So, when exactly are you going to ask for these referrals?

Asking for referrals should become part of your process. Yes, your consistent process.

The way you go about that is up to what you’re most comfortable with. Possible stages might include:

  • Every meeting (if you’re someone who can casually but meaningfully work this into conversation.)
  • Once you feel like you’ve added value (if you’ve provided solutions and received great feedback.)
  • An entirely separate meeting (if you like to take your “top” clients to lunch just to specifically talk about this separate from their planning meetings.)

What’s important here is that you’re direct with your client. Don’t beat around the bush but do be clear that you’re asking for an introduction, simply. There should be no expectation here that this introduction will result in a new client but rather an introduction based on thinking your personalities may match.

How much effort will this referral program take?

Oftentimes there are advisors who are great at bringing on new clients but fail to adequately nurture the relationship. Having a stellar client service model in place makes it easier to ask for a referral.

Your service model should create a process for you to proactively engage existing clients throughout the year, establishing the frequency of communication and meetings to set clear expectations for all parties involved.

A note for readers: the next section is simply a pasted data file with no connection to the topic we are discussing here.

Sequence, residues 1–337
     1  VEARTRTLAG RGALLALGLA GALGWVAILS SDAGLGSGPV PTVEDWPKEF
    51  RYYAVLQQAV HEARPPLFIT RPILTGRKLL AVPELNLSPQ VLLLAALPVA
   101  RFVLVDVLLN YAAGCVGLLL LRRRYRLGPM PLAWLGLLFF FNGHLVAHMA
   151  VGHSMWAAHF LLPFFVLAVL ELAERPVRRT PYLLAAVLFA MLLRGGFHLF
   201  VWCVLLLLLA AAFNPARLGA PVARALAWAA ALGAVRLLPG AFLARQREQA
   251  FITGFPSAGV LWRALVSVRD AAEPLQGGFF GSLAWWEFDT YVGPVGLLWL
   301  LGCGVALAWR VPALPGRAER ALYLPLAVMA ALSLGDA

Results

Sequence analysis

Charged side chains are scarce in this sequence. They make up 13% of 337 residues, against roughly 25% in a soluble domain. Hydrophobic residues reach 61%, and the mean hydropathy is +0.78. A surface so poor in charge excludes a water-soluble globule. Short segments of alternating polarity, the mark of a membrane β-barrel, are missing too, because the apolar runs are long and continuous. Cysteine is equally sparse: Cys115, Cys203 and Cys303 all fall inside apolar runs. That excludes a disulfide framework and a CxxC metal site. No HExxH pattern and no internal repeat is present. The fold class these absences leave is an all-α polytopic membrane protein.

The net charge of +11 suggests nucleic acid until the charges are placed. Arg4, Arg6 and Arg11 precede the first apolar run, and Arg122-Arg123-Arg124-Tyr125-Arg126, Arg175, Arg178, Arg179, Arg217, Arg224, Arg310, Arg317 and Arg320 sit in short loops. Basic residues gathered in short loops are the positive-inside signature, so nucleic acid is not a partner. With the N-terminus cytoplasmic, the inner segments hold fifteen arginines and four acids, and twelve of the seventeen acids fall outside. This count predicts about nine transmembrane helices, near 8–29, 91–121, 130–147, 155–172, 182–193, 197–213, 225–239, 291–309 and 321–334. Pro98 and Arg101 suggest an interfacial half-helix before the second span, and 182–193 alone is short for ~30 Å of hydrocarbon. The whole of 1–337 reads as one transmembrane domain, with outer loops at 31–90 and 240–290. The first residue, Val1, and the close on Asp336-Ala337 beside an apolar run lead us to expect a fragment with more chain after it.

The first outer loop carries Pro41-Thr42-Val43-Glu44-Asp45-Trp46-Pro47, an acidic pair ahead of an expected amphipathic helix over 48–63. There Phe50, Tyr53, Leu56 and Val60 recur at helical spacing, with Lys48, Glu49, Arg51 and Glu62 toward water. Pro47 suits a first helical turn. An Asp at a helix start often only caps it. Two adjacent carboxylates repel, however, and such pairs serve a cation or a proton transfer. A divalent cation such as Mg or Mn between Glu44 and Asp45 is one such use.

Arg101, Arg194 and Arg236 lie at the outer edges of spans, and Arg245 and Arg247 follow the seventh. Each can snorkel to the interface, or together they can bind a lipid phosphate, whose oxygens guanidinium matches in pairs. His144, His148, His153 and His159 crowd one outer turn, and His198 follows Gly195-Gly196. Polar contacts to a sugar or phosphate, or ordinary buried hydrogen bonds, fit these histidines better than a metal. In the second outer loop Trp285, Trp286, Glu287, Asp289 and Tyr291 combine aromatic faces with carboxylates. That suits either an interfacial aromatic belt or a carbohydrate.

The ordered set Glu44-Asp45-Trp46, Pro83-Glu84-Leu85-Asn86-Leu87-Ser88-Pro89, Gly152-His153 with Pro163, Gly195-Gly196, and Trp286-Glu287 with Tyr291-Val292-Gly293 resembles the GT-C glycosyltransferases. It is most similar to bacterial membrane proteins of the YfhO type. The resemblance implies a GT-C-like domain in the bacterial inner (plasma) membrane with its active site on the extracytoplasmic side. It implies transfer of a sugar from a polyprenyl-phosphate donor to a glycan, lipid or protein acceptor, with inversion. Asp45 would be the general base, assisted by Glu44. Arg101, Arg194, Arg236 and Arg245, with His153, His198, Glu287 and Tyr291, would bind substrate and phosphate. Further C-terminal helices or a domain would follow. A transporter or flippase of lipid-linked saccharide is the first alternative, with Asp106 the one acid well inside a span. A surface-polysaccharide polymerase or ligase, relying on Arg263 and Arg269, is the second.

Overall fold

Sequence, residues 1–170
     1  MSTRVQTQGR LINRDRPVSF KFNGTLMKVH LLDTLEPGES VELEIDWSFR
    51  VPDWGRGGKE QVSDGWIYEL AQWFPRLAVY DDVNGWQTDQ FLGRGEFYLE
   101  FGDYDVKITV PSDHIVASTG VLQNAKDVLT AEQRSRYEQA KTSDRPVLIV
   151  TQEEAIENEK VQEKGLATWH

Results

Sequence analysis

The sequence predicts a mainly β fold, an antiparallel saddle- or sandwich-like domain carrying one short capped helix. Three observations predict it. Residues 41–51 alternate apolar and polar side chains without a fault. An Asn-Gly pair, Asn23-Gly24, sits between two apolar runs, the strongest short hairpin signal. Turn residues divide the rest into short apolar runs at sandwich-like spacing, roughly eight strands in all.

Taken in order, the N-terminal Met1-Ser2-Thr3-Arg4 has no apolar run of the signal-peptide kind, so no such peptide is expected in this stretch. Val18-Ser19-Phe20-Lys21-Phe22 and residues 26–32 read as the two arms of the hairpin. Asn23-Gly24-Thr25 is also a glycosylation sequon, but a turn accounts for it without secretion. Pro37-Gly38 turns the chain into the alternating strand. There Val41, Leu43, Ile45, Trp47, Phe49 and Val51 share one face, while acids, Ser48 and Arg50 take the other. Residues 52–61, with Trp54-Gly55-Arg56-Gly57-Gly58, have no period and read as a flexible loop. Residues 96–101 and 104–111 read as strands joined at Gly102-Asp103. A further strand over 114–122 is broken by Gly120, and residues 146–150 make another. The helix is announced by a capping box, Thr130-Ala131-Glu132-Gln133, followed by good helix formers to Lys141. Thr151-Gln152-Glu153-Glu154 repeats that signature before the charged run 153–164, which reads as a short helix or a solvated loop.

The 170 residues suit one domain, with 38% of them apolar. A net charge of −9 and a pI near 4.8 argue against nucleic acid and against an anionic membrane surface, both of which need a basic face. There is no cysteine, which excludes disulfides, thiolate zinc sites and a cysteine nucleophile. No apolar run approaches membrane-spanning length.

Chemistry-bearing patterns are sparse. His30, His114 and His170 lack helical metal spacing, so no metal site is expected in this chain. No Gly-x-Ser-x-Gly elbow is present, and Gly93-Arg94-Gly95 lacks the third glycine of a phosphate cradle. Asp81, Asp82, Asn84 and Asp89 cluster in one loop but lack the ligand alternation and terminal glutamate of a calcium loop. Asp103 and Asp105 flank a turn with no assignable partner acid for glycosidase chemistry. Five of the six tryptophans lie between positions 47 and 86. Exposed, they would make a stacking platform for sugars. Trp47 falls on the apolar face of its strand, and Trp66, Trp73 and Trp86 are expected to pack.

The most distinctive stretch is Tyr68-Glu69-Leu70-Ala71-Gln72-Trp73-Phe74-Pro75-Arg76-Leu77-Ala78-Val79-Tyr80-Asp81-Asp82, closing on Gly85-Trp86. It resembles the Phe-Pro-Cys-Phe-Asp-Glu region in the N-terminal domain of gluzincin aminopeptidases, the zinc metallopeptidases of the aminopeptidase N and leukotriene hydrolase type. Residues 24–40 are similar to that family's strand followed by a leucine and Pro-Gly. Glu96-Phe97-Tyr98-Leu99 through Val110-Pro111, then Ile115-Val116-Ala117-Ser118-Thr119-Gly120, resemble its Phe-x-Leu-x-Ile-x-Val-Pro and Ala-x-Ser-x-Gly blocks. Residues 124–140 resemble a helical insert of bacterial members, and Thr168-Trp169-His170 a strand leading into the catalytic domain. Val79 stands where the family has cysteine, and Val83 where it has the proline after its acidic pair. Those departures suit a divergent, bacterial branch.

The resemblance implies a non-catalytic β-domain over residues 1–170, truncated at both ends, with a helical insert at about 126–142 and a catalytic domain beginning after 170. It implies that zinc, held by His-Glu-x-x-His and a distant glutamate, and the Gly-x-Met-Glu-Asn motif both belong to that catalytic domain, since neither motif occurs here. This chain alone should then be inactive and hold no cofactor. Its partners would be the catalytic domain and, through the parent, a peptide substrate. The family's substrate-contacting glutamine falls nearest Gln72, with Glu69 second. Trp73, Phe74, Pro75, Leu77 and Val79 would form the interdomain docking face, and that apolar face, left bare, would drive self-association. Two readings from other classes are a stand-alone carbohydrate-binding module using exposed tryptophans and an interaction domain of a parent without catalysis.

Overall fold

You don’t want to be that advisor who only goes to their clients when they need something, like referrals.


Will Maximizing Your Referral Opportunities Help You Build A More Successful Financial Advising Practice?


Asking for referrals requires a much more polished approach than meets the eye. But, where can you start? Start working on maximizing your referral opportunities by:

  • Clearly defining your ideal client, even if that means prospecting up
  • Establish consistent processes from your planning philosophy to your fee structure

Tapping into your referral market means finding new ways to market to and engage your existing clients.

If you need further support in establishing the right target market(s) and want to have a practice building career, reach out to our recruiters to talk about the resources available to advisors at Consolidated Planning.


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2023-154752 Exp. 4/2025

Published:  May 4, 2023